"Oh, I don't know. Let's see, I'll say thirteen."

"That's unlucky," said Rowley.

"Which is what I shall be, Rowley, you can bet your bottom dollar," said Henny. "I never win these sorts of things. Waste of a pound, really."
Dick King-Smith

About Dick King-Smith

Dick King-Smith - The Stray
“[I] am a very happy man doing what is in effect my hobby for a living, i.e. writing stories for children.”—Dick King-Smith

Dick King-Smith grew up in Gloucestershire, England. He lives with his wife in a small 17th-century cottage, three and a quarter miles from the house in which he was born.


I was born in 1922 and was brought up in the countryside, surrounded by pet animals of one sort or another. I was first attracted to the girl I was later to marry through my admiration of her skill (in contrast to my own haphazard husbandry) as a breeder of parakeets. I was thirteen at the time, and she was twelve. It hasn’t worked out too badly, as we have been married for nearly sixty years, three children and ten grandchildren to the good.

I was educated at a preparatory school and then at Marlborough College, a boarding school for boys, where I was good at sports (but not very good) and showed reasonable intelligence (though not very great).

If I had an ambition, it was to be a farmer. But then along came the Second World War, and so I took the king’s shilling—that is to say, I enlisted as a soldier. I served as a platoon commander in the Grenadier Guards, beginning my active service at Salerno with the Allied invasion of Italy in September 1943 and ending it eleven months later when a German paratrooper threw a British hand grenade at me in the middle of an Italian forest and filled me full of holes.

My career in farming began in 1947, and though I think I was a decent stockman, my business acumen was extremely low. It was difficult to farm at a loss in those days, but I managed to lose money without fall every year from 1947 to 1967, when the bank manager called a halt.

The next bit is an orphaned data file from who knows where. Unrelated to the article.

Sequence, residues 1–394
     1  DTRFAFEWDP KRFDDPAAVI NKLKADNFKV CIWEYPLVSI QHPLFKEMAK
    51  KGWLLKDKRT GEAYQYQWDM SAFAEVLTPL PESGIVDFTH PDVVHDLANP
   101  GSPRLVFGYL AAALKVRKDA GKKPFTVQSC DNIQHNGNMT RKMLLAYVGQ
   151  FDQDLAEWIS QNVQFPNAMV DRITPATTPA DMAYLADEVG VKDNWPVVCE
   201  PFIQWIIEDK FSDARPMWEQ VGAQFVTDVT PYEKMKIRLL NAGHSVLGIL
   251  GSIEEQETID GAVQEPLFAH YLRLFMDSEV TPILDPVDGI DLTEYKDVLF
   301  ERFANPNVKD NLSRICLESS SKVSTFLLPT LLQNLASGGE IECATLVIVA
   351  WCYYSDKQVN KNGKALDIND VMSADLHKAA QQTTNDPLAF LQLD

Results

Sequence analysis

Six months of selling aluminum-asbestos firefighting suits, boots, and helmets (I didn’t sell many) were followed by three and a half years as a time-and-motion man in a shoe factory (I never really understood the mathematics). Then I trained as a teacher and took a degree from Bristol University at the age of fifty-three, reading English and philosophy. I did well in philosophy even though I hadn’t the faintest idea what it was all about, and still haven’t.

Next came seven years as a teacher in a small village elementary school. I began with eight-year-olds, but it soon became plain that my always shaky grasp of the principles of arithmetic was not adequate for people of that advanced age, so I ended my teaching career with children of five and six.

By this time I had written my first four stories, and now—with time of my own—books began to spring up like mushrooms. In addition, I landed several little jobs as a presenter on children’s television, where I met a whole lot of delightful people and animals and much enjoyed performing in front of the camera.

I’m still turning out books hand over fist—now nearing a hundred in print in the United States, England, and Europe—mostly about animals: farmyard fantasy, I suppose you could call it, often about pigs, my special favorites. I enjoy writing for children so much, and meeting them, and knowing (because they tell me) that they get enjoyment from what I do.

I’m happy, and so are my wife and my children and my grandchildren and the bank manager. I’m a lucky man.


The Gallant Pig

—An ALA Notable Book
—A Boston Globe–Horn Book Honor Book
—A Horn Book Fanfare Honor Book
—An IRA/CBC Children’s Choice
—An NCTE Teachers’ Choice

“An animal fantasy which will inevitably be compared to Charlotte's Web. . . . Combines a robust pleasure in the smell and feel of rural surroundings with a humorous affection for all living creatures . . . a splendid book.”—Starred, The Horn Book Magazine


“Thoroughly engaging . . . chipper dialogue, generous helpings of humor and a lickety-split plot add up to an amusing chapter book.”—Publishers Weekly

“Amusing . . . a fine choice for early chapter-book readers.”—School Library Journal



"An intergenerational story with an endearing main character...full of gentle humor...and eminently likable characters." -- School Library Journal

  • The Stray by Dick King-Smith
  • March 10, 1998
  • Juvenile Nonfiction; Humor
  • Yearling
  • $5.99
  • 9780679891017

Your E-Mail Address
send me a copy

Recipient's E-Mail Address
(multiple addresses may be separated by commas)

A personal message: